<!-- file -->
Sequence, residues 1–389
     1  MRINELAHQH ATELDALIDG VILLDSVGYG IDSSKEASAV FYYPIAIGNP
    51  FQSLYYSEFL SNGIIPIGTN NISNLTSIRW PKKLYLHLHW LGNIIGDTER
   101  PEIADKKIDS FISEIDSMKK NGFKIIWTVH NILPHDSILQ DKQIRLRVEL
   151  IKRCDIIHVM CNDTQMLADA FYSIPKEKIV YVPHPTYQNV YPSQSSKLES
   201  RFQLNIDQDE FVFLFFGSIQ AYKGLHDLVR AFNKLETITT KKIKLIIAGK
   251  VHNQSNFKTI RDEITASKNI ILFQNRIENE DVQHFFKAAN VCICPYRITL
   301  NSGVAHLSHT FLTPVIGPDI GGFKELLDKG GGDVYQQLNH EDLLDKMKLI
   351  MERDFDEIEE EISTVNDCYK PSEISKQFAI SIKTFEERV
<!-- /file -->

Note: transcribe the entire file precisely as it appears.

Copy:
Sequence, residues 1–389
     1  MRINELAHQH ATELDALIDG VILLDSVGYG IDSSKEASAV FYYPIAIGNP
    51  FQSLYYSEFL SNGIIPIGTN NISNLTSIRW PKKLYLHLHW LGNIIGDTER
   101  PEIADKKIDS FISEIDSMKK NGFKIIWTVH NILPHDSILQ DKQIRLRVEL
   151  IKRCDIIHVM CNDTQMLADA FYSIPKEKIV YVPHPTYQNV YPSQSSKLES
   201  RFQLNIDQDE FVFLFFGSIQ AYKGLHDLVR AFNKLETITT KKIKLIIAGK
   251  VHNQSNFKTI RDEITASKNI ILFQNRIENE DVQHFFKAAN VCICPYRITL
   301  NSGVAHLSHT FLTPVIGPDI GGFKELLDKG GGDVYQQLNH EDLLDKMKLI
   351  MERDFDEIEE EISTVNDCYK PSEISKQFAI SIKTFEERV